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April 10, 2007

"Jamestown Unearthed" premieres April 26

Colonial Williamsburg’s Emmy-award-winning Electronic Field Trip series concludes April 26, 2007, in conjunction with the commemoration of the 400th anniversary of the discovery of Jamestown, with the premiere of “Jamestown Unearthed.” Presented in a slightly different format from the typical Electronic Field Trip, “Jamestown Unearthed” is a documentary that examines how history is written and re-evaluated as new methods of study are introduced and archaeological discoveries offer new clues to interpreting history.

In May 1607, when 104 English men and boys first stepped onto Jamestown Island, they could not have imagined the impact their arrival would have on the future of the world. Hoping for adventure, escaping the past, longing for riches or a better life, the Jamestown colonists founded America’s first permanent English settlement – and a new nation. These early settlers would never know that everyday items they left behind, from the soles of their shoes to broken pipe stems would be excavated and examined four centuries later by Jamestown Rediscovery archaeologists. What these archaeologists discovered – and how they used these clues to uncover the past – is the subject of “Jamestown Unearthed.”

The documentary was produced by Colonial Williamsburg’s division of productions, publications and learning ventures in partnership with the Association for the Preservation of Virginia Antiquities–Jamestown Rediscovery. The program explores historical myths and misconceptions from the perspective of modern archaeology. Additional Historic Triangle collaboration for the broadcast was provided by Jamestown-Yorktown Foundation and the National Park Service.

The Jamestown Rediscovery excavations in the mid-1990s at James Fort revealed the remains of the fort long believed lost in the James River and demonstrate how archaeology has greatly expanded our understanding of the day-to-day life in early colonial Virginia. Using documents, artifacts and interviews with the project team, the program reveals how a combination of written and archaeological evidence can produce exciting new insights into the past. Students learn how a professional archaeological excavation is conducted and the 21st-century scientific processes archaeologists use to learn about history.

In addition to the contemporary scenes showing archaeologists discovering clues to Jamestown’s past, re-created scenes portray what life may have been like in the early colony.

Students in participating schools may call the program from their classrooms during the broadcast to ask questions live. For “Jamestown Unearthed,” the on-air experts will be Dr. William Kelso, director of archaeology for the Jamestown Rediscovery Project; Beverly Straube, senior curator, Jamestown Rediscovery Project; Dr. James Horn, vice president of research for the Colonial Williamsburg Foundation; and Willie Balderson, who portrays 17th-century Jamestown colonist Anas Todkill, servant to Jamestown councilman John Martin. Student hosts for “Jamestown Unearthed” are Kaitlin Adams and Christina Holmes.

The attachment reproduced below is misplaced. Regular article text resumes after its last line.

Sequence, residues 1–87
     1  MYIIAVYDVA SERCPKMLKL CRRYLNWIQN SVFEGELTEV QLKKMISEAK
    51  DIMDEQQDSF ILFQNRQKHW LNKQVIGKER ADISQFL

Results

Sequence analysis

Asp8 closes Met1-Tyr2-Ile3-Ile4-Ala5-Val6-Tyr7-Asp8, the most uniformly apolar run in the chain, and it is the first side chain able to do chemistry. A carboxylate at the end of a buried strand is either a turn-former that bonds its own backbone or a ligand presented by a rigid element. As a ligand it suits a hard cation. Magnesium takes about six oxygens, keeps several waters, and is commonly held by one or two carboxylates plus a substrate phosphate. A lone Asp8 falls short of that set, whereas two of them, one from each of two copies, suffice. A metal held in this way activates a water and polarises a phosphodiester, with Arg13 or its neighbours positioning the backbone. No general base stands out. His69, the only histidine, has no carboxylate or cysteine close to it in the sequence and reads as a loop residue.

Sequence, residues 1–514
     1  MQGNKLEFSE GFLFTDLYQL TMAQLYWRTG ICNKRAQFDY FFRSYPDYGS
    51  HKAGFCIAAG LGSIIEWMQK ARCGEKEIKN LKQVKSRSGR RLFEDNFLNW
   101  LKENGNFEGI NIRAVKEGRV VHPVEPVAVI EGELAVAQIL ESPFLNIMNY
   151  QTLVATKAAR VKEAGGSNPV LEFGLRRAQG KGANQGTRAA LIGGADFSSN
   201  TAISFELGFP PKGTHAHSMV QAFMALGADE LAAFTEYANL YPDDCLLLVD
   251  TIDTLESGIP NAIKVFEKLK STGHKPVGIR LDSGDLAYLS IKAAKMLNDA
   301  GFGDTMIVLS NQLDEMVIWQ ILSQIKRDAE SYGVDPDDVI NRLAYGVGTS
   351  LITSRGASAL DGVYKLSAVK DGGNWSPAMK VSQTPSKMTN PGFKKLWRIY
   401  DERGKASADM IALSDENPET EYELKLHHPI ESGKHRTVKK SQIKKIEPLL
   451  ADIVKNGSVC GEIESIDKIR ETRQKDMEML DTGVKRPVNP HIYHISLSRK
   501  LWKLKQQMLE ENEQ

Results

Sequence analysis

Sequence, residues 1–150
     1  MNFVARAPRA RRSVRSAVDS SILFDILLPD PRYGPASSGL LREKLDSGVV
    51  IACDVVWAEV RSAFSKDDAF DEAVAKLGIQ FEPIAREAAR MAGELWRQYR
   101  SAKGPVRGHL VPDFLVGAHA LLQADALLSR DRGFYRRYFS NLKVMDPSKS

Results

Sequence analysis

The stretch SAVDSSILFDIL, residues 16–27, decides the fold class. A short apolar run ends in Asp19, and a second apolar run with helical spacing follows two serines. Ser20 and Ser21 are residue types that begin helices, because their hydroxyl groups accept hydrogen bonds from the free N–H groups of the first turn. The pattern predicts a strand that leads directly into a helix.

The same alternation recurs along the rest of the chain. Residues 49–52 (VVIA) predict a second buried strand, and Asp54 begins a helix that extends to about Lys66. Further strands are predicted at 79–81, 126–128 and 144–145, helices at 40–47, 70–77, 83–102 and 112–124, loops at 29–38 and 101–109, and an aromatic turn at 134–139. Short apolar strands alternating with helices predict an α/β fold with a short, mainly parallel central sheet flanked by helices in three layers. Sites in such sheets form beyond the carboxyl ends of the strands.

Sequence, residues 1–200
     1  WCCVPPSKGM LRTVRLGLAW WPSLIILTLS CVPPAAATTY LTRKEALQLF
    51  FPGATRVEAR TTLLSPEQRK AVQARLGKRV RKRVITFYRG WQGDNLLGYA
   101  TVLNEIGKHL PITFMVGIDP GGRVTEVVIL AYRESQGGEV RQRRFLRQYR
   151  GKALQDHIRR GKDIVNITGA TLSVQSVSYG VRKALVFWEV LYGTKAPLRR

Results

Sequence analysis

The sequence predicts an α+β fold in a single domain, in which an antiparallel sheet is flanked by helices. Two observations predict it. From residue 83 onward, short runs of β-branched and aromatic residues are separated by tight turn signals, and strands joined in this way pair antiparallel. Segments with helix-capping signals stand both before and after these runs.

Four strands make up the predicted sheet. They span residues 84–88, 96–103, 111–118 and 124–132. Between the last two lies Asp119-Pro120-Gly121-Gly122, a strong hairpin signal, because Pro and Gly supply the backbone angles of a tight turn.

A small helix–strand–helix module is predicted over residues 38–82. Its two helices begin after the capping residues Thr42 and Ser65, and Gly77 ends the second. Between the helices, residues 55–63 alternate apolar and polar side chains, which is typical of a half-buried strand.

In honor of the commemoration of America’s 400th Anniversary, “Jamestown Unearthed” will have an encore presentation to begin the 2007 – 2008 Electronic Field Trip season Oct. 11.

Electronic Field Trips are broadcast one Thursday each month from October through April at 10 a.m. and 1 p.m. Eastern time on participating PBS stations and cable channels. Registered users may also view Electronic Field Trips via the Internet. The programs consist of a one-hour live broadcast which includes a story on subjects from the colonial period through the early life of the United States. The productions are supported with comprehensive lesson plans, glossaries, timelines, Internet activities and online connectivity to Colonial Williamsburg historians.

As the nation’s leading educational resource for early American history, the Colonial Williamsburg Foundation uses the Internet and interactive television technology to bring the 18th century to life for more than one million students throughout the United States each year. For more information or to register for the Electronic Field Trip Series visit http://www.history.org/history/teaching/eft.cfm or contact the Electronic Field Trip registrar at 1-800-761-8331 or by e-mail at EFTSupport@cwf.org.

Established in 1926, the Colonial Williamsburg Foundation is the not-for-profit educational institution that preserves and operates the restored 18th-century Revolutionary capital of Virginia as a town-sized living history museum, telling the inspirational stories of our nation’s founding men and women. Within the restored and reconstructed buildings, historic interpreters, attired as colonial men and women from slaves to shopkeepers to soldiers, relate stories of colonial Virginia society and culture — stories of our journey to become Americans. As Colonial Williamsburg interprets life in the time of the American Revolution for its guests, it also invites them to interact with history. Williamsburg is located 150 miles south of Washington, D.C., off Interstate 64. For more information or reservations, call toll-free 1-800-HISTORY or visit Colonial Williamsburg on the Internet at www.ColonialWilliamsburg.com.

Media Contact:
Barbara Brown
(757) 220-7280



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